Hiroshima, Nagasaki a pricy lesson for militarism

Updated: 2015-08-09 17:17


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The craziness of Japanese militarists during WWII is one of the major causes that the two cities vaporized in the mushroom clouds. Even facing a certain failure, Japanese militarists rejected the Potsdam Proclamation in 1945, because in their eyes the lives of civilians were irrelevant comparing to their ambitions.

The tragedies of Hiroshima and Nagasaki, along with the heinous crimes the Japanese armies committed in other countries, are the horrid examples of what frenzied militarism can cost us.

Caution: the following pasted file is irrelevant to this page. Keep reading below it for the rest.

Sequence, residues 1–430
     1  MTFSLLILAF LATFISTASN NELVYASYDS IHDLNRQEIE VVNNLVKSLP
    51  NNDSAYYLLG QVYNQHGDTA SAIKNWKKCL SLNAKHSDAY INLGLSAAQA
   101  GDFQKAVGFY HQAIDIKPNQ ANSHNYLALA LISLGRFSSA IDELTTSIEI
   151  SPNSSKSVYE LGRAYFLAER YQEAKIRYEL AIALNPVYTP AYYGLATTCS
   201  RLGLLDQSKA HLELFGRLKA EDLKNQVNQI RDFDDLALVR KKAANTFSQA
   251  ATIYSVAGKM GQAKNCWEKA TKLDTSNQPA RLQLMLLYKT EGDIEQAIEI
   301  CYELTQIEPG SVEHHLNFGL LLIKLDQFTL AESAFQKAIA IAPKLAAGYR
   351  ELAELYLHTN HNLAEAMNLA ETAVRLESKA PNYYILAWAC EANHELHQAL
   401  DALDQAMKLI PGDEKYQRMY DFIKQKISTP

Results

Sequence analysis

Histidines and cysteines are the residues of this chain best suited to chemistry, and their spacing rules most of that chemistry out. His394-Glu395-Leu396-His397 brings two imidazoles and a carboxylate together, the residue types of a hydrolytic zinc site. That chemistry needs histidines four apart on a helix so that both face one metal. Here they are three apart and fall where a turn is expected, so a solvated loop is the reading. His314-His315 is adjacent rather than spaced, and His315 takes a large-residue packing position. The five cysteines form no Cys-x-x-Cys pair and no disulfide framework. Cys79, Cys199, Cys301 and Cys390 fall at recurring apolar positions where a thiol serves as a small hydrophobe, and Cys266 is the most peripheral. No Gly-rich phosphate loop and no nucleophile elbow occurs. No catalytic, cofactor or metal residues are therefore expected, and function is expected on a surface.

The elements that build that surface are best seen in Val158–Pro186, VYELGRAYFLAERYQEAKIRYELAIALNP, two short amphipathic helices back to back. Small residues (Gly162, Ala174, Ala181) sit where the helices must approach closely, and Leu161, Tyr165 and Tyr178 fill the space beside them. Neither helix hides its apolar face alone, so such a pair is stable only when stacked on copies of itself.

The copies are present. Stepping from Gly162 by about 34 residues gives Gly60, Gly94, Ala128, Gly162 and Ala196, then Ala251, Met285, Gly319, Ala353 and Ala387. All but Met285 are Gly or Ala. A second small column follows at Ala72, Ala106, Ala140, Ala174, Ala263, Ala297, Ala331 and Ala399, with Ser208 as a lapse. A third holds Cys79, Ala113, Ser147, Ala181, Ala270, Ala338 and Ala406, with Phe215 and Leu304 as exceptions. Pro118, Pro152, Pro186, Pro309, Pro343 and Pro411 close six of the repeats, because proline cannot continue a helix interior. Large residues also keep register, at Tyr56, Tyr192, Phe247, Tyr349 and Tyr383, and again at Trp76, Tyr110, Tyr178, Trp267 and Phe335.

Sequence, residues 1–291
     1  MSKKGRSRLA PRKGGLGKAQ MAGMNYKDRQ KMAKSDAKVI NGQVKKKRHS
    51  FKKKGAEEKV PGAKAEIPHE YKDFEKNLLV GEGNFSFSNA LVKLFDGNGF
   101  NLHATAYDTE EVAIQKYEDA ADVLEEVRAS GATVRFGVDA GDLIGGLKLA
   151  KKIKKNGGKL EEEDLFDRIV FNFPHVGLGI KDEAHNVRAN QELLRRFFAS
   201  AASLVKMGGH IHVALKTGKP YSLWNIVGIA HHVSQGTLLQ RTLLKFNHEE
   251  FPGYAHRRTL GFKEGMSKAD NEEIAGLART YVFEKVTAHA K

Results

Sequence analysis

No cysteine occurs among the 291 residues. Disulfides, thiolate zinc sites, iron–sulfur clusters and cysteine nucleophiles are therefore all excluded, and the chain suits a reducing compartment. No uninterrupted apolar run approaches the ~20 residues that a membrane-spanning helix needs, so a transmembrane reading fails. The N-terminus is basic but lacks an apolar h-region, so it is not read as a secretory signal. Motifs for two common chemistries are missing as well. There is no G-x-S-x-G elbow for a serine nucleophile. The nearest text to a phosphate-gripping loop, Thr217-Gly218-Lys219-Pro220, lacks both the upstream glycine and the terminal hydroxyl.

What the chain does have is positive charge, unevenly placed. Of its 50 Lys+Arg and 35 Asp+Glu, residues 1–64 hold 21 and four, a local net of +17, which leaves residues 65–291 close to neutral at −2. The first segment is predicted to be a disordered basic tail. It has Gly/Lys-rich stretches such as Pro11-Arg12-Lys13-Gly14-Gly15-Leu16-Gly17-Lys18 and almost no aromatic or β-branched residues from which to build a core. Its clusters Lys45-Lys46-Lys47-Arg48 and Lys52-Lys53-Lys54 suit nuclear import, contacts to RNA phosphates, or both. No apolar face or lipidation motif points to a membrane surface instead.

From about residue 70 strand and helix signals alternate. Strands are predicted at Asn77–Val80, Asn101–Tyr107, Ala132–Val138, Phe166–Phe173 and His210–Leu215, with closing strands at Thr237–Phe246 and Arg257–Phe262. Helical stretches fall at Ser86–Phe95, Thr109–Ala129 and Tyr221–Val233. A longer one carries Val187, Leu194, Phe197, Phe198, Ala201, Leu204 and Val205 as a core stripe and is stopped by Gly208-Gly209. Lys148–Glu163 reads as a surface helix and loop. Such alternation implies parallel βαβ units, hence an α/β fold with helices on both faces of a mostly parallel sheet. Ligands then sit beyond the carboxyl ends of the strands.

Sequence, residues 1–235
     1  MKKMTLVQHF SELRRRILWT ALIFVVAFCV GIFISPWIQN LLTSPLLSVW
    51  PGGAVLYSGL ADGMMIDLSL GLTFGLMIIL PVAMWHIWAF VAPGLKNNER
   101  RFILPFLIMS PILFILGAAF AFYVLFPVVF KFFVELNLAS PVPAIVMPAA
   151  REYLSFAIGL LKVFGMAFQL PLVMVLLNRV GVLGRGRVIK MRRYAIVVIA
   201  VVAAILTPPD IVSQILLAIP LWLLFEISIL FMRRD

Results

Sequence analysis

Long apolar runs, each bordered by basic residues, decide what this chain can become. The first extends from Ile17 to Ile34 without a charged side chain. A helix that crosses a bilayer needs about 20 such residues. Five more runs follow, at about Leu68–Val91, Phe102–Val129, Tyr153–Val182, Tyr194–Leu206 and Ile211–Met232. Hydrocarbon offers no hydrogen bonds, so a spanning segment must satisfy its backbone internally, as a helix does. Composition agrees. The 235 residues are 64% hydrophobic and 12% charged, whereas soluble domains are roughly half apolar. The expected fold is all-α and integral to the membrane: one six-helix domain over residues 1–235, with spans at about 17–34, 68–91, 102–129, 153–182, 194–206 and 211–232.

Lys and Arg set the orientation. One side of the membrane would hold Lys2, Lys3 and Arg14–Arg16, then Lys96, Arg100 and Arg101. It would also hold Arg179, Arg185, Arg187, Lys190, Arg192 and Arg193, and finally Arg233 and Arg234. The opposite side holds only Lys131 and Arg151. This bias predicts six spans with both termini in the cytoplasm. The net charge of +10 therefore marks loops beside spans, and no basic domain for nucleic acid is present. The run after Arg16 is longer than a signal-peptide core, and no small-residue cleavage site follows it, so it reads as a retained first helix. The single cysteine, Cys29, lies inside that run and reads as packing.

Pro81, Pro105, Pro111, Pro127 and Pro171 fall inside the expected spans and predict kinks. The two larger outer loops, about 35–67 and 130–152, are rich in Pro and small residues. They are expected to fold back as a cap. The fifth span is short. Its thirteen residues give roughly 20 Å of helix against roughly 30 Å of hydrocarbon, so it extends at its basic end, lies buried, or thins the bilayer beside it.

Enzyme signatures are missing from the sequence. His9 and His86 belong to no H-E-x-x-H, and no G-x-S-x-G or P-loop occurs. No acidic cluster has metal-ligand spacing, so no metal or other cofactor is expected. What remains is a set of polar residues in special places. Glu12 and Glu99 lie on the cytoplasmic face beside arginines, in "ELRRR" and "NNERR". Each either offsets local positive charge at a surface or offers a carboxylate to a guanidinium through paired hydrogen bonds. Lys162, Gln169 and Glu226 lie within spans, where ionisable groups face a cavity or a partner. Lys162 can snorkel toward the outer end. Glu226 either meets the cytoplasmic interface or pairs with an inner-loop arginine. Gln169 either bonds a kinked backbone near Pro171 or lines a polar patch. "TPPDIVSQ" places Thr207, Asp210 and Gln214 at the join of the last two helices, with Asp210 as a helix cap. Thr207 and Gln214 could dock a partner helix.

In fact, Japanese militarism is not only a danger to Japan's neighbors and regional stability, but also an alarming threat to the Japanese citizens.

As a result, the tendency of militarism resurgence in Abe's government -- pushing new security bills, holding an ambiguous attitude toward the country's war past and the covert attempts to whitewash its war criminals -- is particularly worrying.

It is obvious that many Japanese people do not like where Abe's ultra-rightist government is heading, either.

When Abe addressed the crowd Thursday in Hiroshima, shouts of protest rang out from the audience and around the park. "Retract the war bills," shouted the protesters, holding banners. In Nagasaki, similar protests took place when Abe addressed the crowd.

It is high time for Abe and his cabinet to realize that the best way to commemorate those who perished in the atomic bombings is to sincerely reflect upon its war past, because those who cannot learn from history are doomed to repeat it.

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